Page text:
Constructive plate boundaries are sites where new lithosphere is created - by sea floor spreading. You can use this site to see the evidence for the creation of new sea floor, from the pattern of magnetic anomalies. The relationship between the age of the sea floor and its bathymetry - increasing away from ridges - can be seen in a graph.
You can explore the origin of transform offsets on mid-ocean ridges, part of the key evidence for the direction of relative plate divergence. You can also look at the patterns of earthquakes in the central part of the mid Atlantic Ridge.
The patterns of magnetic anomaly patterns on the sea floor can be seen on the Juan de Fuca ridge for example. Refresh ideas on calibrating magnetic layers ("magnetostratigraphy").
The formation of oceanic crust involves melting of underlying uppermantle. The main way this occurs is by decompression - through passive up-welling. There is more on this in the melting part of the site. The result is a structured crust, classically determined from its seismic velocity structure. Normally this reaches a thickness of about 6-7 km. However, the thickness of ocean crust depends on the amount of melting in the underlying mantle. More melting makes more melt and therefore thicker crust. and to get more melting the mantle needs to melt hotter. Under Iceland the mantle is some 200C hotter than typical mantle - this is determined using seismic tomography. Consequently Iceland crust reaches thicknesses in excess of 20 km - and isostasy means some of this thick crust pokes out of the water as dry land.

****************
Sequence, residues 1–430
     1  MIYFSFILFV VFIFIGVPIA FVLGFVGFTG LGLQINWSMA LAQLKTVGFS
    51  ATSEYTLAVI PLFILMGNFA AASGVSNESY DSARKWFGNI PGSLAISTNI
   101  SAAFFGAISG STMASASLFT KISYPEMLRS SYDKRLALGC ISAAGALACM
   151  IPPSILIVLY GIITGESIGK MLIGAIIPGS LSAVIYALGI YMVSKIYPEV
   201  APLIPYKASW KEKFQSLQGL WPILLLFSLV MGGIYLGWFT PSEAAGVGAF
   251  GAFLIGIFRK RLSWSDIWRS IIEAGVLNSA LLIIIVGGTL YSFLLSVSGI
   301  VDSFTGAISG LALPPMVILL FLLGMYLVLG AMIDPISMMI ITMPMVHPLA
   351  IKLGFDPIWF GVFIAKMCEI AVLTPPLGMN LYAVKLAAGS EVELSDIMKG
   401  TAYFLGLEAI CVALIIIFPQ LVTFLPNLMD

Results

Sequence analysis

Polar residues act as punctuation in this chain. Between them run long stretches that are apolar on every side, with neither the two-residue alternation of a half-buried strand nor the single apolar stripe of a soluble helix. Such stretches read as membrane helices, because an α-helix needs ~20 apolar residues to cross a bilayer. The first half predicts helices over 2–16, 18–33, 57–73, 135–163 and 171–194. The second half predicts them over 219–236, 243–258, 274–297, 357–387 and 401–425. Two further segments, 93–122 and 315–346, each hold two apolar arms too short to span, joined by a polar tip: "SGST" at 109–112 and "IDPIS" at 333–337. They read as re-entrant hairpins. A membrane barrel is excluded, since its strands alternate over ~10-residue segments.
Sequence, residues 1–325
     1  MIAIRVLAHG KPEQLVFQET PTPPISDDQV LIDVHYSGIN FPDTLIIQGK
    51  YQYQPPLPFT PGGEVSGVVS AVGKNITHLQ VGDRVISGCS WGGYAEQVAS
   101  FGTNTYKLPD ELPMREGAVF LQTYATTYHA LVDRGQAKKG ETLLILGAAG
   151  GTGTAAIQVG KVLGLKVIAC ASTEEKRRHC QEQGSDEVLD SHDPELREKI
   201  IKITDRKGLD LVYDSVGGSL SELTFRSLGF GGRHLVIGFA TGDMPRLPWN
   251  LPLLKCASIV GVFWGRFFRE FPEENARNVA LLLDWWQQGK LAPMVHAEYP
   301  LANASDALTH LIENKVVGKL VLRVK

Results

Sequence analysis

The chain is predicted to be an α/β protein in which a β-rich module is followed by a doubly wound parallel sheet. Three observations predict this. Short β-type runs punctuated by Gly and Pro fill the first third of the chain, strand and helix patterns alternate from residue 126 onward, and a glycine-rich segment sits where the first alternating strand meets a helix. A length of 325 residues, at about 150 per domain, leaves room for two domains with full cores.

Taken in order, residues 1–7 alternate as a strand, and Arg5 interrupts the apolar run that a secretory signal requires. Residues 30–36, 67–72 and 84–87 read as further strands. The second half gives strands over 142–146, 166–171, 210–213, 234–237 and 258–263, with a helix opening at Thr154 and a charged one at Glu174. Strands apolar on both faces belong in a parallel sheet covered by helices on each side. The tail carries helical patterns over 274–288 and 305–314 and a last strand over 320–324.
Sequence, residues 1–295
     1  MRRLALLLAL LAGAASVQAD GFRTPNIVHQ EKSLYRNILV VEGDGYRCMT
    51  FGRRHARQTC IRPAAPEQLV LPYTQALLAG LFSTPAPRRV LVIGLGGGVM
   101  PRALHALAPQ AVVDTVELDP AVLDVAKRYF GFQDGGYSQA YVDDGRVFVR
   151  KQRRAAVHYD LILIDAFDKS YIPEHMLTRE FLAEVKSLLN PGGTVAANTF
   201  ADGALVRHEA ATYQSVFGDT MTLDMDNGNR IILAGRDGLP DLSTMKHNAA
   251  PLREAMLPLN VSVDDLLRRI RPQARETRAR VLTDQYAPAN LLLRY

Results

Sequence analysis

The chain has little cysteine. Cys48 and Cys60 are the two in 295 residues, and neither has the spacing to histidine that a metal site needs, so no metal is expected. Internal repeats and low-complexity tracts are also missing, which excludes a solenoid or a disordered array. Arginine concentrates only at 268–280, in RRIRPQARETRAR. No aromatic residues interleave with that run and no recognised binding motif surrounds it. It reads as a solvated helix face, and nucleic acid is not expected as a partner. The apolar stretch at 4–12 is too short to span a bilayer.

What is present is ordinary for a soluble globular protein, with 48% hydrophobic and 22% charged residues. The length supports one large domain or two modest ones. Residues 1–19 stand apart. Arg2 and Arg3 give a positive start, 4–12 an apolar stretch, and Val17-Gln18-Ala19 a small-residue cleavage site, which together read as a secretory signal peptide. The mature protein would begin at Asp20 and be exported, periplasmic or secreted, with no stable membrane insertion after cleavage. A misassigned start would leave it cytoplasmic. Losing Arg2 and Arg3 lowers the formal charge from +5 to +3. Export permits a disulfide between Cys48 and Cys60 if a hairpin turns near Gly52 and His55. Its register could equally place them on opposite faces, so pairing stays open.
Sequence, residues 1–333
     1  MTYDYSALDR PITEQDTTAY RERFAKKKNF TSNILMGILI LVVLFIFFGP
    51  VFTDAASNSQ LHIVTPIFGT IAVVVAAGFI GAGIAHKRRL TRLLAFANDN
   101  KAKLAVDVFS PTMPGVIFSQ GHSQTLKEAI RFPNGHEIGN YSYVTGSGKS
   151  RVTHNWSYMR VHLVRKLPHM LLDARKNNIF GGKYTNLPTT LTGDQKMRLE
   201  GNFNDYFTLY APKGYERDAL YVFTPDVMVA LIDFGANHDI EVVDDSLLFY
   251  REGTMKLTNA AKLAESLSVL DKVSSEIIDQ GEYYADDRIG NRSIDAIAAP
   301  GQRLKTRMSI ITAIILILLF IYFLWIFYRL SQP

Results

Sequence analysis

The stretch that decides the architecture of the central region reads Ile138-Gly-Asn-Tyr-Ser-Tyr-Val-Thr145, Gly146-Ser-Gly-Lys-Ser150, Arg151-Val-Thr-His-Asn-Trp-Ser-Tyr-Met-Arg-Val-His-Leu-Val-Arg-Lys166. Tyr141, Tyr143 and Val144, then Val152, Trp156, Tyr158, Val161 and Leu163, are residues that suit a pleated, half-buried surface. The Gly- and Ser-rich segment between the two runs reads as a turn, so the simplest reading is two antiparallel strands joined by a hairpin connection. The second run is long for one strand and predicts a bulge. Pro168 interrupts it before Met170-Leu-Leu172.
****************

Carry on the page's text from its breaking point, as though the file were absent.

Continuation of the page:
The image for the logo is part of a Seasat gravity map for the North Atlantic. it shows the dramatic segmentation of the ridge by transform faults.